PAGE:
Bruno Latour is among the most important figures in contemporary philosophy and social science. His ethnographic studies have revolutionized our understanding of areas as diverse as science, law, politics and religion. To facilitate a more realistic understanding of the world, Latour has introduced a radically fresh philosophical terminology and a new approach to social science, 'Actor-Network Theory'.
In seminal works such as Laboratory Life, We Have Never Been Modern and An Inquiry into Modes of Existence, Latour has outlined an alternative to the foundational categories of 'modern' western thought Ð particularly its distinction between society and nature Ð that has major consequences for our understanding of the ecological crisis and of the role of science in democratic societies.
Latour's 'empirical philosophy' has evolved considerably over the past four decades. In this lucid and compelling book, Gerard de Vries provides one of the first overviews of Latour's work. He guides readers through Latour's main publications, from his early ethnographies to his more recent philosophical works, showing with considerable skill how Latour's ideas have developed.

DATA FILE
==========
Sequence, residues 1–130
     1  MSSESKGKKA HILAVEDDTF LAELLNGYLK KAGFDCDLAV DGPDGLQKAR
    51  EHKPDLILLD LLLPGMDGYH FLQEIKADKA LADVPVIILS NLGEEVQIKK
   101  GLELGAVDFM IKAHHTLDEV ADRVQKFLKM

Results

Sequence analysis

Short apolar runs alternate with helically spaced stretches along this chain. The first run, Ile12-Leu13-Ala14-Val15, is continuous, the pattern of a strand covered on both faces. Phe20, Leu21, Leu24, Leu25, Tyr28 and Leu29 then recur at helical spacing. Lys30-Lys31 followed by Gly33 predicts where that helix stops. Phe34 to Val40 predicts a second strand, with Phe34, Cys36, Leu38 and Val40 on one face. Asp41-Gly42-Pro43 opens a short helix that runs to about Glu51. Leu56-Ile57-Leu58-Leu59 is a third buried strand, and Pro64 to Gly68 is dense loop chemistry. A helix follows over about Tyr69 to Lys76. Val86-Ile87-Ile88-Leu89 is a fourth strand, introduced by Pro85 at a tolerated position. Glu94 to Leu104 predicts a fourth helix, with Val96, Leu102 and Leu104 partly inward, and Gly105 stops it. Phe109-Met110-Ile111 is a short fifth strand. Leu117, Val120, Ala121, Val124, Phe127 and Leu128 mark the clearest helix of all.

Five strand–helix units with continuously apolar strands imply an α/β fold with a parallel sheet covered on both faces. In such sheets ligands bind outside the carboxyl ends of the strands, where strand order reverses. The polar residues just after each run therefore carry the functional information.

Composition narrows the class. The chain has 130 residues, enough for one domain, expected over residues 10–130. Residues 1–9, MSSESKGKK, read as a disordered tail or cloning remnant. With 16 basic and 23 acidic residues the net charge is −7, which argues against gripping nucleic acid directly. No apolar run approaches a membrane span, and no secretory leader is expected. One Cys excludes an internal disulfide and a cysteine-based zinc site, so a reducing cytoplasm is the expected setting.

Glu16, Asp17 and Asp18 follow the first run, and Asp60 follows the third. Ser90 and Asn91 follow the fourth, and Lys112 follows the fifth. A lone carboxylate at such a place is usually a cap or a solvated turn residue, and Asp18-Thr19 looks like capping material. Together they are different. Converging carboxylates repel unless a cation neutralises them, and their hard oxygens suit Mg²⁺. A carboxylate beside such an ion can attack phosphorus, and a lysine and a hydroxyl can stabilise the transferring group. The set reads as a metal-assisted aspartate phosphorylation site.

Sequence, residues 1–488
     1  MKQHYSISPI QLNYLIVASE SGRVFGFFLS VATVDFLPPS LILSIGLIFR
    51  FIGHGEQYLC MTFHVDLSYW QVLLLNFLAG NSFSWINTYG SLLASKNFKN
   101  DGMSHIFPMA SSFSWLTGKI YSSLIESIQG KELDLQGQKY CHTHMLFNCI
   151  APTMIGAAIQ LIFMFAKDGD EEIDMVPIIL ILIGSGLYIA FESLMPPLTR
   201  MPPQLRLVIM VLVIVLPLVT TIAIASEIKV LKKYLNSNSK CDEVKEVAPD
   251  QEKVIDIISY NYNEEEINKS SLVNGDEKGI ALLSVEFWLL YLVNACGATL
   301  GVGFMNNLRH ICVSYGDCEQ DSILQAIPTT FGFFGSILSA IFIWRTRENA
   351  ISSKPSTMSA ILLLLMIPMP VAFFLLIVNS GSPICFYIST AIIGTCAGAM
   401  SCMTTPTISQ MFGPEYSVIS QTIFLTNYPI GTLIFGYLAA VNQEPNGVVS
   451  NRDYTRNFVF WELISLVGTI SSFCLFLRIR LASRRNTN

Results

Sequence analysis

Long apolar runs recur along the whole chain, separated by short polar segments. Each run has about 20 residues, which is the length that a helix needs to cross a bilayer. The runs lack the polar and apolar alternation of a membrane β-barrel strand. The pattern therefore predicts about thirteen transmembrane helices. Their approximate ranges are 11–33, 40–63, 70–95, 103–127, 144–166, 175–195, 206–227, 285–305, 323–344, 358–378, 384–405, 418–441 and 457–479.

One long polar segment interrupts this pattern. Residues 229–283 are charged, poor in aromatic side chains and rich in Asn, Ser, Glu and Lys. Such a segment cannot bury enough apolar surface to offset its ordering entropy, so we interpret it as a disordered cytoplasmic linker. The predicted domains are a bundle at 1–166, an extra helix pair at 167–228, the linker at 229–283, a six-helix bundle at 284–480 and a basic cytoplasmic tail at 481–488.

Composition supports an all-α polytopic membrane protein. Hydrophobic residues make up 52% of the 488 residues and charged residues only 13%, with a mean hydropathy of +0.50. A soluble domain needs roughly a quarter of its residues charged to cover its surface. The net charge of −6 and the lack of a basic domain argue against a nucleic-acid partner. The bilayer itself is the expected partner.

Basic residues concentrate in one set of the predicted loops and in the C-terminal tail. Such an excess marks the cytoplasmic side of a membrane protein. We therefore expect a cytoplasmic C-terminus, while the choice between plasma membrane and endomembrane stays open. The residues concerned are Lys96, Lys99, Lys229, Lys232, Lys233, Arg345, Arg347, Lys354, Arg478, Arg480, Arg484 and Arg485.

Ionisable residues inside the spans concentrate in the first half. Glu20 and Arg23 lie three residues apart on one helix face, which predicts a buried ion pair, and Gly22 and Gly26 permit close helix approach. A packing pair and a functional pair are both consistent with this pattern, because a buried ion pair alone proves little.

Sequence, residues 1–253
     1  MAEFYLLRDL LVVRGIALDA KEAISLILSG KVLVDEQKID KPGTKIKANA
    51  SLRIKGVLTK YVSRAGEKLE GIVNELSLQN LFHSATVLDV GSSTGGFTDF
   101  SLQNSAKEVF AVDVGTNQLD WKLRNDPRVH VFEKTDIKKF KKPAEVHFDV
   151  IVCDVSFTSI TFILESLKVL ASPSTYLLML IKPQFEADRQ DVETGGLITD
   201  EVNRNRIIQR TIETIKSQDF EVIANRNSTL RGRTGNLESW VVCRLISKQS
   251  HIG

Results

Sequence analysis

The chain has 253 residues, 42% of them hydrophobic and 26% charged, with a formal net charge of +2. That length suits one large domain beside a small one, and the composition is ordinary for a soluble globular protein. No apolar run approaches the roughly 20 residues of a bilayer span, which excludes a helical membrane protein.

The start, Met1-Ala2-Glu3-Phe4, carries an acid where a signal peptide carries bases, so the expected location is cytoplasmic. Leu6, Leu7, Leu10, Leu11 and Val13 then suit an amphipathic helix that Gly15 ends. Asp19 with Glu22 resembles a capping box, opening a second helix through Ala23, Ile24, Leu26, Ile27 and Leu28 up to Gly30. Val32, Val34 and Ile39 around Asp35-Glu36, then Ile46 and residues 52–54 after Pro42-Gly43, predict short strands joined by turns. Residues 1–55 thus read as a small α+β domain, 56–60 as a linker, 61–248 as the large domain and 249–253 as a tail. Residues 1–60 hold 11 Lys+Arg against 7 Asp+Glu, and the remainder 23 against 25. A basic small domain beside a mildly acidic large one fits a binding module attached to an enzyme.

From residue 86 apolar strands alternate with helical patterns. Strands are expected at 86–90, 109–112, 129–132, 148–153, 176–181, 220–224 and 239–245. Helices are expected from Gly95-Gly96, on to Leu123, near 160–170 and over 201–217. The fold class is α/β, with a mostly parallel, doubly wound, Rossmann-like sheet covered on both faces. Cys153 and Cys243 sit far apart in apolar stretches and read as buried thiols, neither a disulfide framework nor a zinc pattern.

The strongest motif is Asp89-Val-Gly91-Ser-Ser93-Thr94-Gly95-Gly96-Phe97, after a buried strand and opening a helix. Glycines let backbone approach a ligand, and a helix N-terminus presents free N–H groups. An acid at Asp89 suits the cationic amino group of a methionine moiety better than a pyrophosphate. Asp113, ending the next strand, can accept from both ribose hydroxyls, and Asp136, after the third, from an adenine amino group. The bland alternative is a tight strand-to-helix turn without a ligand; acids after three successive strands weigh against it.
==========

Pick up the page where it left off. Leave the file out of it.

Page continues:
This book will be of great value to students and scholars attempting to come to terms with the immense challenge posed by Latour's thought. It will be of interest to those studying philosophy, anthropology, sociology, science and technology studies, and almost all other branches of the social sciences and humanities.